To rock, or not to rock?

Or rather, would it be wiser to take a calculated risk and go forth into a packed music venue now, or smarter to wait a little longer in hopes of rocking again in a presumably safer manner in the near future?

In the omicron stage of the pandemic, those are the questions. At least they’re the ones I was weighing while eyeing Kurt Vile’s show at Anchor Rock Club in Atlantic City on Saturday night.

I had the date circled for months. The show was to be Philly rock hero Vile’s first plugged-in electric outing with his band the Violators since the pandemic began.

And also an intimate underplay, an industry term for an act performing in a room smaller than they’re capable of filling. The last time I saw Vile with the Violators it was at the 3,400-capacity Met Philly in December 2018. The Anchor holds 650.

The other lure was the Anchor itself. I grew up next door to Atlantic City in Ventnor, and in the decades that I’ve been going to see live music, I can count on one hand the number of cool shows I’ve seen on Absecon Island that weren’t in a casino.

But now, AC has the Anchor, which is being booked by Philly music vets with years of Johnny Brenda’s experience. The club originally opened in September 2019 only to be shut by the pandemic. Since reopening last summer, it’s faced the challenges all live venues have, with the emergence of first the delta and now the omicron variant of the coronavirus.

» READ MORE: An indie venue is coming to life in Atlantic City from a team with Johnny Brenda’s cred

I’ve been itching to check out the room, but missed Hop Along and Real Estate this fall. And then two more choice bookings I was targeting over the holidays — indie legends Guided By Voices and Philly rock and soul band Low Cut Connie — got canceled by omicron.

It seemed like Vile’s show might have the same fate. Lots of January and February tours are being postponed. Cat Power was supposed to play the TLA on Thursday, but will now do the South Street venue April 17. Others are going forward, with modifications: Vile’s pals The War on Drugs’ Met Philly shows on Jan. 27 and 28 are on, but they’ve dropped the opening acts from all tour dates and are asking fans to mask up even in cities that unlike Philadelphia don’t have a mask mandate.

They don’t have one in Atlantic City, either, though the Anchor did require proof of vaccination or a negative test for entry. And at the door of the nearly sold-out venue (and posted throughout the room) was a message imploring fans to follow best practices so that the show — and the band’s date on Monday at Wilco’s Sky Blue Sky festival in Mexico — could go on.

It read: “Hello! KV (and band and crew) … would love it if everyone could make an extra effort to really keep masks on properly at all times, other than sneaking sips of your tasty beverage of choice. … Thanks so much!!”

Besides being vaxxed and boosted, my own precaution included being double-masked — KN95 plus surgical — and getting a negative result from a rapid test just to make sure I didn’t already have an asymptomatic case.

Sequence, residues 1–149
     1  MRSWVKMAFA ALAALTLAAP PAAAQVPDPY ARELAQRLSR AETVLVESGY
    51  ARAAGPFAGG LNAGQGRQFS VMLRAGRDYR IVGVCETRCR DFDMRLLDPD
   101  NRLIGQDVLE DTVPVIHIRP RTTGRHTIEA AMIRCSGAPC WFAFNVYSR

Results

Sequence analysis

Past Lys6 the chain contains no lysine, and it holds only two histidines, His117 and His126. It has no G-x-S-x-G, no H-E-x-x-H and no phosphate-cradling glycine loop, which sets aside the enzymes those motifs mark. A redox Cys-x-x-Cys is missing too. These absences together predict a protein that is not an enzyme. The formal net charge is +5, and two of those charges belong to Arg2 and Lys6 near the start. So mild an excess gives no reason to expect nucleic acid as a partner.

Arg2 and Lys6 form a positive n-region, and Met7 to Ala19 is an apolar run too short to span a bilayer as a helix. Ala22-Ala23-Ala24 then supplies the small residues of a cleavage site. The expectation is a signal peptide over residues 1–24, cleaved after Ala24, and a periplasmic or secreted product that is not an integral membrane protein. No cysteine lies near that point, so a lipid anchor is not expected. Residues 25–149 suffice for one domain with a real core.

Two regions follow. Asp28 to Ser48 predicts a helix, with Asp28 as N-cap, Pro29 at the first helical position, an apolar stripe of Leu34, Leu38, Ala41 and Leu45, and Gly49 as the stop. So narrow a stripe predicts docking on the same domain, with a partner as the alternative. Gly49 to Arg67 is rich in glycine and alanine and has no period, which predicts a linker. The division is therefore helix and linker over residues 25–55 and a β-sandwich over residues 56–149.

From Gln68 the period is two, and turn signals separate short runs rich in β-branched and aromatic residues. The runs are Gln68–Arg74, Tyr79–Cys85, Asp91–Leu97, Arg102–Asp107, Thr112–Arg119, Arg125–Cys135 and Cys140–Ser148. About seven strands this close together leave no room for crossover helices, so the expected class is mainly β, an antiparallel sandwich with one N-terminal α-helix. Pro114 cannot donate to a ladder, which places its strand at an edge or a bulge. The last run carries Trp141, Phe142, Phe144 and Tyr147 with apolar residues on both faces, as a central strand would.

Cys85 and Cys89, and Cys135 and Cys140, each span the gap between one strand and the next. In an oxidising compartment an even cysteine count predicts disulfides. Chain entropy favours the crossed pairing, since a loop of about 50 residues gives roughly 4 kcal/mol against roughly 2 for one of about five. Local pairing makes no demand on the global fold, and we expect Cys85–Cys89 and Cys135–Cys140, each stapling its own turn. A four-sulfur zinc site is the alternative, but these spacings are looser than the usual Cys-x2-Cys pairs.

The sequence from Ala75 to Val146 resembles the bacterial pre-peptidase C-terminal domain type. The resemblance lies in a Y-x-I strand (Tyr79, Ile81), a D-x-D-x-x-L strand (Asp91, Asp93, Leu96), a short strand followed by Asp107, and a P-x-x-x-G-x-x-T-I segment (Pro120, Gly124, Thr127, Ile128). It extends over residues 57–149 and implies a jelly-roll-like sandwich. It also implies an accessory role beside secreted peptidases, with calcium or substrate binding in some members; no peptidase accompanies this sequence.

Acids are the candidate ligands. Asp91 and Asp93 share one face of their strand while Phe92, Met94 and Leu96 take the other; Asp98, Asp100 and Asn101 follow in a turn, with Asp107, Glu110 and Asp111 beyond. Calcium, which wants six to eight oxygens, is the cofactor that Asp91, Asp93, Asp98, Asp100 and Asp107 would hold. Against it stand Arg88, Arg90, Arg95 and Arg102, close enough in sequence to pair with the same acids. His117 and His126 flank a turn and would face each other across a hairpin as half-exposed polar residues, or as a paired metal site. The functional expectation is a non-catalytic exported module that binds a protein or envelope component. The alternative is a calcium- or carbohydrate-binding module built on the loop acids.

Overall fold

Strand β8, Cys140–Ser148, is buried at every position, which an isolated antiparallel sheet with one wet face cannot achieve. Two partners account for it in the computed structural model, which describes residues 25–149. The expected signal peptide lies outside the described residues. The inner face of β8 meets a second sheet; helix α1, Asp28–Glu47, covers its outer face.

And with that — after a requisite amount of angsting — I was ready to rock.

To cut down on the amount of time I spent inside, I skipped experimental guitarist opener Bill Nace. I came into the room for Pissed Jeans, the Philly-based antimacho hard-core punk band fronted by Matt Korvette, who made a winning racket and got the mostly-masked crowd whipped into a frenzy as they waited for Vile.

Between sets, I was out shivering on an empty Boardwalk, peering into the Ripley’s Believe It Or Not that shares a wall with the club. And then back inside as Vile and his backing trio of drummer Kyle Spence and Rob Laakso and Jesse Trbovich (who each played bass, guitar, and keyboards) opened with “Loading Zones,” about gaming the Philadelphia Parking Authority.

The Anchor, which will host the Dead Milkmen on May 13, is an inviting room. With a horseshoe-shaped balcony, it feels like a larger Johnny Brenda’s or a cozier Union Transfer. The upstairs bar area allows for some social distancing, but if you want to see the band, you need to be up against the railing.

Downstairs, the sight lines are excellent, with the stage nestled into the surrounding crowd in a way that feels genuinely intimate. There’s an excellent craft beer list, and parking directly across the street on New York Avenue was $10.

Vile followed “Loading Zones” with the treat of the night: a rugged cover of “Punks in the Beerlight,” by the Silver Jews, the band fronted by the late great indie songwriter David Berman, who died in 2019.

» READ MORE: With ‘Bottle It In,’ Philly rock star Kurt Vile is back with his best album

The rest of the 90-minute set, which ran into early Sunday morning, was a career survey that pulled from 2015′s b’lieve i’m goin down... and 2018′s Bottle It In, but also reached as far as 2011′s Smoke Ring for My Halo.

Several songs explored Vile’s great subjects: ambivalence and dislocation. That was suitable for an uneasy moment when indoor gatherings that aim to deliver emotional release — as this one surely did — are also shot through with uncertainty.

Tunes that found Vile to be of two minds included “Pretty Pimpin” (his best song) and “Bassackwards,” an expansive guitar jam inspired by summer days in Ocean City. “I was on the beach, but I was thinking about the bay,” he talked-sang. “Got to the bay, but by then I was far away.”

The encore started off roaring, with “KV Crimes” crunching like Neil Young and Crazy Horse. But high-volume catharsis was followed by two quiet Smoke Rings songs: “Peeping Tomboy” and “Baby’s Arms,” each with Vile on acoustic guitar.

The latter was a tender, antisocial call for cocooning, seeking shelter from the big bad world outside particularly suitable for a frigid winter’s night in omicron season. “I get sick of just about everyone,” Vile sang. “Then I hide in my baby’s arms.”